Benefits of ‘Dry January’ last longer than 31 days

KKTV 11 News this Morning
Published: Jan. 25, 2023 at 7:48 AM MST|Updated: Jan. 25, 2023 at 8:10 AM MST
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COLORADO SPRINGS, Colo. (KKTV) - A trend called “Dry January” has people avoiding alcohol for a month.

Over the past few years, the challenge has been gaining traction as a way to start the New Year with a clean slate from the substance.

“We do see a wide array of benefits from abstaining from alcohol such as improvement of physical health,” stated Stevie Madden, a PHP Therapist at Sandstone Care. “This could look like better quality sleep, better digestion, a better immune system therefore we’re not getting as sick, as well as mental health. Improved relationships, mood stability, and a significant decrease in anxiety and depression. Not to mention all the money that you’re going to be saving and therefore having money to use for meaningful things and activities.”

With all these benefits, Madden asks: Why not consider extending your sober streak later into the year?

“If you were able to get through stressors of daily life like bills, relationships, and you were able to lean on coping skills to get through them, think about what you did to get through those challenging times and use them going forward,” said Madden.

If you do return to drinking come February, do so responsibly.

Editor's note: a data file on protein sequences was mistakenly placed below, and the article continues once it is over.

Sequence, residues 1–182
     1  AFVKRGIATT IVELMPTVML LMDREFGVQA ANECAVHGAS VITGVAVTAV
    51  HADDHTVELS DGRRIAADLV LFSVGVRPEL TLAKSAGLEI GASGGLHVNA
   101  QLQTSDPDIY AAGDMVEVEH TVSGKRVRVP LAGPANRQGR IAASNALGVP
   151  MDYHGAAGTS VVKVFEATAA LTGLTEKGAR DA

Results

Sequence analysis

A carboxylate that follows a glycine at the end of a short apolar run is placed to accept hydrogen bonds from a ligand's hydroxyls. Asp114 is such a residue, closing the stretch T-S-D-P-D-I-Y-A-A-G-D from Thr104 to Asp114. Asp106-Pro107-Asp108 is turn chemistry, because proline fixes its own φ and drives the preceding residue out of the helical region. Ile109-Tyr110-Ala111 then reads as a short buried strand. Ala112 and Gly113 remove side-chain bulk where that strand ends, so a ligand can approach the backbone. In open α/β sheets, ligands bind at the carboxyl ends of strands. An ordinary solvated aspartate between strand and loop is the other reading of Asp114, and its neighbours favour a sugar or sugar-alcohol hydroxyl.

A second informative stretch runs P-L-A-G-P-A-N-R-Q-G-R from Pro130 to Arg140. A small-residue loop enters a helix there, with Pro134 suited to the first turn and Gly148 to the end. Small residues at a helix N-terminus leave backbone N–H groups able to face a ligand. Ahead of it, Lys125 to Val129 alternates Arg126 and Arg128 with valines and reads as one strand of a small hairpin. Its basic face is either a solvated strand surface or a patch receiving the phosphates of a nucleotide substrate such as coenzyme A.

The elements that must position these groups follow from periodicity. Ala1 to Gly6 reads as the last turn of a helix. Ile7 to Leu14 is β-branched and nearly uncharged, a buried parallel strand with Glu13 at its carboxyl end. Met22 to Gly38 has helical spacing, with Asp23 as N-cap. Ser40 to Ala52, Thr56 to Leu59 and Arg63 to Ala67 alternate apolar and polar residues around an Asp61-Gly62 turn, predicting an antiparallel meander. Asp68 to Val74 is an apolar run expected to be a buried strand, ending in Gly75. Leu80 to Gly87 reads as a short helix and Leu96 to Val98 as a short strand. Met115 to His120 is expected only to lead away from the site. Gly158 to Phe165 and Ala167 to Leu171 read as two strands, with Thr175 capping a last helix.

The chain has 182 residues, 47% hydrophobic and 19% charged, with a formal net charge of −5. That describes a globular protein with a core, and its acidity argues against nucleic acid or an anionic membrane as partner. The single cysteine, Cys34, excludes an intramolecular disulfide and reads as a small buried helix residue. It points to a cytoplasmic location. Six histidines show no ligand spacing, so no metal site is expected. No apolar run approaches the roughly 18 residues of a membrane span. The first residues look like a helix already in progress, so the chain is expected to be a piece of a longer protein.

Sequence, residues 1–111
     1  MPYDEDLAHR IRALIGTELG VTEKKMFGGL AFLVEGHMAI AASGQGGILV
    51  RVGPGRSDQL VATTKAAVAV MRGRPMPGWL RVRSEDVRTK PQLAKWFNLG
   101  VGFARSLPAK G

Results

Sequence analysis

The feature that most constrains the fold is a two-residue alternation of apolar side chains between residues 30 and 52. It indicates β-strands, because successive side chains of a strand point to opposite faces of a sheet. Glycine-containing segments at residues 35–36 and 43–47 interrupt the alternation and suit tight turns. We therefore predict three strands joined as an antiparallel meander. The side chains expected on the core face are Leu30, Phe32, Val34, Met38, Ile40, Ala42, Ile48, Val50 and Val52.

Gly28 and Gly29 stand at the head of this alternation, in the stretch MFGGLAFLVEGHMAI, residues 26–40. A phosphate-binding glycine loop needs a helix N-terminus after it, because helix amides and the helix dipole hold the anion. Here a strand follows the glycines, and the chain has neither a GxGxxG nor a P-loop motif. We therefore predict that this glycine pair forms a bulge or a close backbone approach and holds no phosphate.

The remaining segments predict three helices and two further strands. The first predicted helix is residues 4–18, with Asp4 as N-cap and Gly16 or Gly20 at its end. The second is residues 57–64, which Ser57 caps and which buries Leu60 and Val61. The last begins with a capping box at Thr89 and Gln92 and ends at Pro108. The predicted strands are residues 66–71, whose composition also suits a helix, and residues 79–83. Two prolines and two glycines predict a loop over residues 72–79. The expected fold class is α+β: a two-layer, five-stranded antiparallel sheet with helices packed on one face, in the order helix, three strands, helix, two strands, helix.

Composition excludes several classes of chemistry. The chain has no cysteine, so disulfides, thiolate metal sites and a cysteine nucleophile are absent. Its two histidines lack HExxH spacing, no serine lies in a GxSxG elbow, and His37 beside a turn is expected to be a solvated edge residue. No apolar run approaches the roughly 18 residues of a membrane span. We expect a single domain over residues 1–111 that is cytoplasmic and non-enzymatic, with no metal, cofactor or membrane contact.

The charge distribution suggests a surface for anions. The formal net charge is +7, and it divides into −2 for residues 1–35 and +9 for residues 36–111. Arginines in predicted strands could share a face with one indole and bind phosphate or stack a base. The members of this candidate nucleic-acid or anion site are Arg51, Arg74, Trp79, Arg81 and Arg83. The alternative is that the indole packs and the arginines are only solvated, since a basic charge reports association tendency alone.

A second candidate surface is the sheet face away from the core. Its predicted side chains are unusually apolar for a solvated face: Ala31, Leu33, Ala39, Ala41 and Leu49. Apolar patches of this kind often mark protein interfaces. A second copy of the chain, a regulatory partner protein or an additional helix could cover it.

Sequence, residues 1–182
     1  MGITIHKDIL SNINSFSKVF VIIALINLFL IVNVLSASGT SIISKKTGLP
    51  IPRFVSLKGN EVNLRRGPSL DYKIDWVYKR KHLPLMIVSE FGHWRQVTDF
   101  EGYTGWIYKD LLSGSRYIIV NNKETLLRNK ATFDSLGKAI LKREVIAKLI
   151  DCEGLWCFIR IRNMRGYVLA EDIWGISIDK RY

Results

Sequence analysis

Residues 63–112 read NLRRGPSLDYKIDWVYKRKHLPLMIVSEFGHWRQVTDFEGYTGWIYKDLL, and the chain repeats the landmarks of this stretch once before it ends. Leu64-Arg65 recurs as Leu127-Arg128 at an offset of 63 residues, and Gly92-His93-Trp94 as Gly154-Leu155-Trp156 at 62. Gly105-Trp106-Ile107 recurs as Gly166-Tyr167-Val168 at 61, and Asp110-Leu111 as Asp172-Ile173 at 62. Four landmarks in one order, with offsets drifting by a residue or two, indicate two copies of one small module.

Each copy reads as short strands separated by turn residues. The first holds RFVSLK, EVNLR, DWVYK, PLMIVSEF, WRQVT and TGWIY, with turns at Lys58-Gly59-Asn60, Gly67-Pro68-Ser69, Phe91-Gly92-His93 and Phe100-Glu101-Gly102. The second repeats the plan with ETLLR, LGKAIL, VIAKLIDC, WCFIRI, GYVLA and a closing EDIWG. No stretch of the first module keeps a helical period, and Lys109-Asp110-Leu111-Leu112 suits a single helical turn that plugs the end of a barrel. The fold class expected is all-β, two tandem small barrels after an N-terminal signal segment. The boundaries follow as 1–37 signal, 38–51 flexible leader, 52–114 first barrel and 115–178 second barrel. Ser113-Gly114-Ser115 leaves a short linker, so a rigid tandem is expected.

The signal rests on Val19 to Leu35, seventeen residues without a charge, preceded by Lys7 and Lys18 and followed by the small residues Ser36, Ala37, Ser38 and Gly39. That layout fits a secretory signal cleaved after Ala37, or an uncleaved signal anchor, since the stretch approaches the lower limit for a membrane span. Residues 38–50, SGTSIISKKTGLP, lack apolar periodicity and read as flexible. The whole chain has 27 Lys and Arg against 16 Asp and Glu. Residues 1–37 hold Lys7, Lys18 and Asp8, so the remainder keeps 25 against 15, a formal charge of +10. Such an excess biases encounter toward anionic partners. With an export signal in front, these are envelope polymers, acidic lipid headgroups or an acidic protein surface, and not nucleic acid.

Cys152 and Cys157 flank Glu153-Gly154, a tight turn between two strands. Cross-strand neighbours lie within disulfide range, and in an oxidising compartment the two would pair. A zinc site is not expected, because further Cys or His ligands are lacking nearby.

“Going a month clean and then going the next month drinking the same amount, there are probably some concerns,” said Madden.

Take it slow and keep track of how much you are drinking. Set boundaries with yourself and ask why you want to drink in a social situation. Do you actually want the drink? Or is it just in front of you?

“A lot of people have fears, ‘I’m not going to be fun, I’m not as confident, I can’t engage in social activities.’ I think that because it is so socially acceptable and it’s normalized, that a lot of people aren’t understanding that there are negative consequences from their drinking and that they’re drinking way more than they were a couple of years ago,” said Madden.

Although not everyone is going to continue sobriety for the next 11 months, studies suggest people who participated in the challenge might drink less the rest of the year.

The four weeks away from the substance allows time to reflect on relationships to alcohol, why you might turn to it as a coping tool, and realize there are other options for having fun beyond the bottle.

“We are seeing a growth in other options such as sober bars, non-alcoholic drinks, and so kind of leaning on mocktails to have a way to connect and have a sober community, looking at there are ways you can still have sober fun,” explained Madden.